Pete writes: “I have a concern after reading your recent column regarding mini-bonds. I invested in a fixed-rate bond with Charter Savings Bank some years ago. Is this a mini-bond? Should I be concerned?”
I understand your puzzlement, Pete. The word “bond” can mean many things. Some are perfectly safe — like the fixed-rate bond you took out from a bank.
It’s essentially just a deposit account that you cannot access for a set period of between one and five years. As with any bank deposit, it’s fully protected up to £85,000 per person in that institution.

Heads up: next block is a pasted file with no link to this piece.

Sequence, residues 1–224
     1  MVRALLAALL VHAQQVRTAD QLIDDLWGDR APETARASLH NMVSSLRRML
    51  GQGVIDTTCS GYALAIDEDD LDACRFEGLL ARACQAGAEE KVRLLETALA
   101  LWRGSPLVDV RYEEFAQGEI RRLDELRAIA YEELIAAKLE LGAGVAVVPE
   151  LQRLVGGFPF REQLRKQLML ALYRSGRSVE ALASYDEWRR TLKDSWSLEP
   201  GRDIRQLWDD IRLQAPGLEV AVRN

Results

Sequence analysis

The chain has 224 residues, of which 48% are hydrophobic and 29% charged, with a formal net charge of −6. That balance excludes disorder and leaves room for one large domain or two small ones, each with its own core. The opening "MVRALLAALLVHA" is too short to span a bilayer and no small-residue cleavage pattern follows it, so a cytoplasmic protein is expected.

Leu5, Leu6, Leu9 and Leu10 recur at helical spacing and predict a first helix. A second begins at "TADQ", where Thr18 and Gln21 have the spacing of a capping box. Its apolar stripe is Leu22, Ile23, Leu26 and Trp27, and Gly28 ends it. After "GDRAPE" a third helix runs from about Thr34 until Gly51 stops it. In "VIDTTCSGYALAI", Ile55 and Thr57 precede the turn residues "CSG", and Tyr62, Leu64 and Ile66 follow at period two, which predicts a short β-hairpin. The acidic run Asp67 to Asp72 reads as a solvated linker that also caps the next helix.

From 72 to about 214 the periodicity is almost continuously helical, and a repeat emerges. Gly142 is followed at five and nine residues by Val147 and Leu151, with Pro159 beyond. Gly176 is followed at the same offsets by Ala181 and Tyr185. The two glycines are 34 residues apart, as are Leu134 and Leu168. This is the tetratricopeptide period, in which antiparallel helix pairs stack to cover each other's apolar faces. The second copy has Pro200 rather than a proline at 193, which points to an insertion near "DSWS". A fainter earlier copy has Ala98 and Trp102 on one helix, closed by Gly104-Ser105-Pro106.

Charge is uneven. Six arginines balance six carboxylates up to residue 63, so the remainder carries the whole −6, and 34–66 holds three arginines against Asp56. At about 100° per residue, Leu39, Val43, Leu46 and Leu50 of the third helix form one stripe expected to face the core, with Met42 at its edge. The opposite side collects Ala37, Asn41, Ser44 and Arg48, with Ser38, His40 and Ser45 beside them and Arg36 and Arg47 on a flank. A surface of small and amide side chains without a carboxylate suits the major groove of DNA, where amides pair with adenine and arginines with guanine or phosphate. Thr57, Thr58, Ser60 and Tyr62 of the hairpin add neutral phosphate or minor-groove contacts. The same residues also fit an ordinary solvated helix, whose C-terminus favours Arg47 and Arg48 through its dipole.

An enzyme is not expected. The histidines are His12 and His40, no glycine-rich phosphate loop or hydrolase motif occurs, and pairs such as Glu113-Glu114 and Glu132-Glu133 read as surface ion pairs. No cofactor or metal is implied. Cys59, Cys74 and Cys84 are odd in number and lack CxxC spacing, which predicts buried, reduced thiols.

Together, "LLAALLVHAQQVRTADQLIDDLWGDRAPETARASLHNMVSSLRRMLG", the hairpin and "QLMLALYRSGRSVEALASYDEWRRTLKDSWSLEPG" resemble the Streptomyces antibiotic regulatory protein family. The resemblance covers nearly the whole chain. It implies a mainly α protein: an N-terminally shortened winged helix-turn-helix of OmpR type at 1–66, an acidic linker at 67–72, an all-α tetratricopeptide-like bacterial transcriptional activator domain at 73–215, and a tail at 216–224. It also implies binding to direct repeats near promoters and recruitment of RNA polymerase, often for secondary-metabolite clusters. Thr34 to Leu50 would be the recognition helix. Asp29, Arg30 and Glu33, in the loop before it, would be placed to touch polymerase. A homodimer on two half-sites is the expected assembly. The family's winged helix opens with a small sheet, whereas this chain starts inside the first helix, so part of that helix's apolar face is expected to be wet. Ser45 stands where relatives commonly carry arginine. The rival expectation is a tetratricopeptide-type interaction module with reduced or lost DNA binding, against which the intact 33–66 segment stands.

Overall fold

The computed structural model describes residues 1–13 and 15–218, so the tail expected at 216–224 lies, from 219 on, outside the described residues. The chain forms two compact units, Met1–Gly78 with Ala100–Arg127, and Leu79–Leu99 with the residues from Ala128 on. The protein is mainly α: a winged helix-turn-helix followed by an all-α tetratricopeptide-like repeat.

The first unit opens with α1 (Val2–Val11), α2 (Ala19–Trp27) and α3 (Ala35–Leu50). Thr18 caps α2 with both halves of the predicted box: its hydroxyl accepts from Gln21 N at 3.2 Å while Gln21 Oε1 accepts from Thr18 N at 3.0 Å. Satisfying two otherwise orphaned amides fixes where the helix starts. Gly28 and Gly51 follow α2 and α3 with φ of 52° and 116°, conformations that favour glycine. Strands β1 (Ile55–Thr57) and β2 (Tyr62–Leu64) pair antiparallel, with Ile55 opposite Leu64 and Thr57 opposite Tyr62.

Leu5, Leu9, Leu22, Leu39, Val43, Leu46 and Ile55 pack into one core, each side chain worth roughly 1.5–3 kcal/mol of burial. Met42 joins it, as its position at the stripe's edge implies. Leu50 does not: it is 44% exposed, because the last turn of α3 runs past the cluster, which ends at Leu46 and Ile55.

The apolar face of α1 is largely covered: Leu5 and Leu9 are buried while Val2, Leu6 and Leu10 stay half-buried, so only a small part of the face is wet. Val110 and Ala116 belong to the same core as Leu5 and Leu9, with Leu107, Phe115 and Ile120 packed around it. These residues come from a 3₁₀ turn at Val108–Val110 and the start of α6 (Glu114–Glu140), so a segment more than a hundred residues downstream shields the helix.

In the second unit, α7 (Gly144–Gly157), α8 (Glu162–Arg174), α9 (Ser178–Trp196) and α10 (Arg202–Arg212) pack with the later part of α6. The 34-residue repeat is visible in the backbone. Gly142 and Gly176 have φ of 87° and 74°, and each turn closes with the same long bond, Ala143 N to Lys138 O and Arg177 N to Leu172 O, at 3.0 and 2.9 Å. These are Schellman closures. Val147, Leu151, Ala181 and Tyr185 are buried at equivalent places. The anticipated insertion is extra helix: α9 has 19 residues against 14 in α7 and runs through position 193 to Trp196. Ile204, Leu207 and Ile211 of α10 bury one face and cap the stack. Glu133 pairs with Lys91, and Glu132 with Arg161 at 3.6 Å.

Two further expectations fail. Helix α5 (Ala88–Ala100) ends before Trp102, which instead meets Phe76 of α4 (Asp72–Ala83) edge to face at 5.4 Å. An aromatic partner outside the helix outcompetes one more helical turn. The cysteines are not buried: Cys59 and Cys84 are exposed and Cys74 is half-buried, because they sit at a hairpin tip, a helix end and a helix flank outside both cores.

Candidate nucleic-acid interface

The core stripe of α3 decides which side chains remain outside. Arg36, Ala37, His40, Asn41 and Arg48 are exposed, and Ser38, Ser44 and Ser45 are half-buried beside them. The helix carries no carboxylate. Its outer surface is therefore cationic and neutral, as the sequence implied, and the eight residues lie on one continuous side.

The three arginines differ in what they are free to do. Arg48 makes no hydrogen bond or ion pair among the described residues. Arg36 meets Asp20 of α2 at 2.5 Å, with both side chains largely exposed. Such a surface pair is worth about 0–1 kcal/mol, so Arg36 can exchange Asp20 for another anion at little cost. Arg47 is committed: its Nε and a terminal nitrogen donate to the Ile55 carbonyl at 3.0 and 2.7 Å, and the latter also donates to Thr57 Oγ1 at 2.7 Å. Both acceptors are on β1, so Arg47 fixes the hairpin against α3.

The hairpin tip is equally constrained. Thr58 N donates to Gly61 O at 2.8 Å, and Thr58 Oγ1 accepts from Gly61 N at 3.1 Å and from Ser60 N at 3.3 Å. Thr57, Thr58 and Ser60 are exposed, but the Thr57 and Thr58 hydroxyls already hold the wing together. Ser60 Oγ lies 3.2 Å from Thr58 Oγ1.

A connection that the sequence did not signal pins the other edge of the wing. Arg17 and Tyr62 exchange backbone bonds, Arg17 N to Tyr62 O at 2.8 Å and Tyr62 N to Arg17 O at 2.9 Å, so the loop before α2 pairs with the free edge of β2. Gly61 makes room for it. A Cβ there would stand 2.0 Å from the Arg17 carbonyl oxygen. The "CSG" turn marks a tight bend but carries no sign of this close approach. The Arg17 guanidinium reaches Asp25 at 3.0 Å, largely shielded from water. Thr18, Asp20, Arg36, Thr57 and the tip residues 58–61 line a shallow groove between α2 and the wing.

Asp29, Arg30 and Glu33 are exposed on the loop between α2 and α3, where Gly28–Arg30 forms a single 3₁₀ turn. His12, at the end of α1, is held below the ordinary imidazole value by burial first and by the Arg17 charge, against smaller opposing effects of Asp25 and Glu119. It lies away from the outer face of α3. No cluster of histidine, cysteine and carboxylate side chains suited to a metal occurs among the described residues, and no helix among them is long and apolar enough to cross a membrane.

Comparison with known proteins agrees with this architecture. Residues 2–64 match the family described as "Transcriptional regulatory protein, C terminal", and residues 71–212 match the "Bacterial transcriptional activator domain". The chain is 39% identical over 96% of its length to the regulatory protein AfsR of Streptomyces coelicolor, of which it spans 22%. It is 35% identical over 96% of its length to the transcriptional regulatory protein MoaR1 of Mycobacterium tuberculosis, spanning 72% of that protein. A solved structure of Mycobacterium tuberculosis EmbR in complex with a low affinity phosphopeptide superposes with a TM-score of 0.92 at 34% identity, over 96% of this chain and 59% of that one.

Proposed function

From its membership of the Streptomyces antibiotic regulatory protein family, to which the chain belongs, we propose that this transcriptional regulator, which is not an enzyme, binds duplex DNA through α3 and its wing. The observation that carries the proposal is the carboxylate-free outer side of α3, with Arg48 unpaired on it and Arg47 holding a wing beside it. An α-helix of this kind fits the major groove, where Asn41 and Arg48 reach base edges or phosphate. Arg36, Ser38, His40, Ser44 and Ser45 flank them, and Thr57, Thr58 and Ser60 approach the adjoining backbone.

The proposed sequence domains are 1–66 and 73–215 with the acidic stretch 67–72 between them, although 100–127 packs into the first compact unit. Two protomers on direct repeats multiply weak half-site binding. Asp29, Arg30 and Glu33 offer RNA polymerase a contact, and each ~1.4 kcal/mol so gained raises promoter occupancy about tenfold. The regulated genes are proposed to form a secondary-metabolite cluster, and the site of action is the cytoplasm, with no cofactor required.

National Savings & Investments also issue bonds that are completely safe up to any amount.
Corporate bonds are loans to a company. They are not safe. If the company goes bust, you may lose your money.
However, if they are bought in a fund, they are protected up to £50,000 (rising to £85,000 from 1 April). Mini-bonds — which I warned against in a column last month — are the riskiest of all. There are no guarantees, no regulation, and no compensation if things go horribly wrong, as they often do.
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